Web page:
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 Airmen of 962nd AACS train with U.S., Australian and Japanese forces at Andersen Air Force Base
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Cope North 2013
Australian airmen guide a Royal Australian Air Force F/A-18 Hornet aircraft into position Feb. 1, 2013, at Andersen Air Force Base, Guam, in preparation for a photo shoot during exercise Cope North 2013. Cope North is an annual air combat tactics, humanitarian assistance and disaster relief exercise designed to increase the readiness and interoperability of the U.S. Air Force, Japan Air Self-Defense Force and RAAF. (DoD photo by Leading Aircraftman Craig Barrett, Royal Australian Air Force)
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3rd Wing E-3 Sentries fl y south to Guam for COPE NORTH

Posted 2/21/2013   Updated 2/21/2013 Email story   Print story


by Air Force 1st Lt. Matthew Chism
JBER Public Affairs

2/21/2013 - JOINT BASE ELMENDORF-RICHARDSON, Alaska -- Continually, military members are called upon to participate in exercises at home or abroad, but to what end?

Ex-er-cise: something performed or practiced in order to develop, improve or display a specific capability or skill.

Exercises are more than a chance for Airmen to practice the mission; an exercise also represents an opportunity to showcase abilities and develop working relationships, which extend beyond cultures, backgrounds and languages.

During the last two weeks, the 3rd Wing's 962d Airborne Air Control Squadron from JBER has been developing, improving, and integrating capabilities alongside other U.S. Air Force, Australian and Japanese assets during Cope North 2013 at Andersen Air Force Base, Guam.

Cope North is a tri-lateral large-force exercise hosted by Pacific Air Forces to promote regional security and stability of the region by increasing combat readiness and interoperability of U.S. Forces, Australian Defence Force, and the Japan Air Self-Defense Force.

"Here in Alaska we are a part of the air defense mission, and we support the capability of crisis and threat response in the Pacific Theater of Operations," said Air Force Lt. Col. Michael Erickson, 962d AACS commander. "During Cope North, we are able to facilitate an environment, in coordination with our international partners, which allows us to share information to decision makers. This provides those on the ground and in the air the best possible situational awareness. "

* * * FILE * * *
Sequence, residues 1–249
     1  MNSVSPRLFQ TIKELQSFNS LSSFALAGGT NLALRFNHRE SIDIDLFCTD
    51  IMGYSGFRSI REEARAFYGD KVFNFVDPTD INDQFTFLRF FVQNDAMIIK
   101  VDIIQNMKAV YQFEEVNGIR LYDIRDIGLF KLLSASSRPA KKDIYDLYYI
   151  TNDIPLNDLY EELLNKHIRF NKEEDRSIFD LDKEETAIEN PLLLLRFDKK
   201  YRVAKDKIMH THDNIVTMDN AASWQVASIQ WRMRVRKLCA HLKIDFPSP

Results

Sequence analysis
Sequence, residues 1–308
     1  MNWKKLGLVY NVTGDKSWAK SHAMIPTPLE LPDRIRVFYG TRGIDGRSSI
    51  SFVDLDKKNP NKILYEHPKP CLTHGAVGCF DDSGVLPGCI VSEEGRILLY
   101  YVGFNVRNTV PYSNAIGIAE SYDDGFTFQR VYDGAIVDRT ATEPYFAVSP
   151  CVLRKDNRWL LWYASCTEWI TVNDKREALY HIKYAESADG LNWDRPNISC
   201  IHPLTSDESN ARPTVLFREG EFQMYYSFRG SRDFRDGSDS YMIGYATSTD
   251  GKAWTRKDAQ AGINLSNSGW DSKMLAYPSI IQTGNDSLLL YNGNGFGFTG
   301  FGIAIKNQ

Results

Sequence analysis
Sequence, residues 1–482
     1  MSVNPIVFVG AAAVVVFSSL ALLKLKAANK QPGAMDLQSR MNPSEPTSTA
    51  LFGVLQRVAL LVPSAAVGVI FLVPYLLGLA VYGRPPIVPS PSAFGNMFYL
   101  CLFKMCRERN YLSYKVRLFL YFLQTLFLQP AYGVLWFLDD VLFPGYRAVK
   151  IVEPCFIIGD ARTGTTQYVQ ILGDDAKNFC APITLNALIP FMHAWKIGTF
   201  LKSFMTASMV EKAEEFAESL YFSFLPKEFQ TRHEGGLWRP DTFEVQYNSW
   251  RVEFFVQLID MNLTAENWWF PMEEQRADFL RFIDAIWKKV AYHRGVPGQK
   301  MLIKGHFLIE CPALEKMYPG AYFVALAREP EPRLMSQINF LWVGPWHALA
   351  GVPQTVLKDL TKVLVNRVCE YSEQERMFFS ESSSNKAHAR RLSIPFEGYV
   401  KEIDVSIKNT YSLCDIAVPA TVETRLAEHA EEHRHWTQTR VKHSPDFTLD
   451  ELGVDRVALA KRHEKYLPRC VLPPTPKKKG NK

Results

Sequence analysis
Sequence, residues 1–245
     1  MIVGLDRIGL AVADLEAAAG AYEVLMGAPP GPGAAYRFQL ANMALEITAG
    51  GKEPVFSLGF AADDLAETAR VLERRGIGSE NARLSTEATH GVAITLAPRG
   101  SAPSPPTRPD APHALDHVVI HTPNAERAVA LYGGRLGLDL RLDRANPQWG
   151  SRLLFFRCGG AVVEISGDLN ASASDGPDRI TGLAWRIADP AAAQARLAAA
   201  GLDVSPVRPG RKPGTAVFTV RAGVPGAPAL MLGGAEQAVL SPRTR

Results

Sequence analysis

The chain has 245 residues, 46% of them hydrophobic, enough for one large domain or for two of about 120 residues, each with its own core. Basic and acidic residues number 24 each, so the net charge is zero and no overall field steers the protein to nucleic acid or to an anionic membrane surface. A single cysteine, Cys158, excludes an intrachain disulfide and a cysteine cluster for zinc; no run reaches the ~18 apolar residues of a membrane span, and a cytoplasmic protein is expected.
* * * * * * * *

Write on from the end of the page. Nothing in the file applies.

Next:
The 962d AACS members who are participating in the exercise said there is clear communication with everyone involved.

"Our folks will be working hard to maintain a clear picture with all of the friendly forces which include Pacific U.S. Air Force, Australian and Japanese assets," said Air Force Capt. Walter Goss, 962d AACS navigator/assistant director of operations. "That support will extend throughout the exercise from the humanitarian portion and combined training missions."

During the humanitarian portion, the operations-focused squadron honed their communication practices with the other participants.

"Cope North is a great test of our interoperability, which is extremely important in the Pacific," Erickson said. "Joining with our sister squadron from Kadena Air Base, [Okinawa, Japan] and our international partners in the region, we are working together as one team... comparing tactics, techniques and procedures."

Goss explained this exercise provides an opportunity to exercise capabilities used during the unit's wartime mission.

"In wartime, we feed a picture to the Combined Air and Space Operations Center," Gross said. "This provides coordination between all of our partners as we work de-confliction and additional radar coverage. Our wartime mission is dynamic, so we strive to maintain proficiency, especially within our core competencies."

Whether in an exercise abroad like Cope North or a home station one like Red Flag-Alaska, the 962d AACS has to accomplish a number of things before the squadron's E-3 Sentry Airborne Warning and Control System can get to work.

"When we send our Airmen out to a large exercise, we check their readiness as if it were a real world mission tasking," Erickson said. "It takes a lot to get a team ready to go out the door while still maintaining the readiness of the squadron for a real contingency. Our mobility folks do an outstanding job."

Members of the mobility staff "coordinated the mandatory training, processed information to the Joint Mobility Center and completed Installation Deployment Readiness Center processes for approximately 30 Airmen from the squadron," said Staff Sgt. Eric Mackey, 962d AACS mobility noncommissioned officer.

Goss also explained an aircrew executes scenario-specific training to prepare them for their upcoming missions.

"The aircrew completes simulator missions prior to leaving for a deployment to replicate likely scenarios and enhance crew coordination," Goss said.

All of that work culminates in a prepared crew, but what about the plane?

"The maintenance intensity here is remarkable. The maintainers want the planes to fly as badly as the aircrew does," Goss said.

"Our maintainers are always on top of things, installing new software updates that allow us to communicate with even the newest systems," Erickson said. "962d [Aircraft Maintenance Unit] maintainers work hard to keep these very complex 35-year-old aircraft flying, and my hat goes off to those men and women."

"These men and women work through location restraints and remain extremely operations focused," Goss said. "In our squadron there is no division when it comes to the mission. There is no 'us and them,' it's we, and it's an amazing environment to work in."

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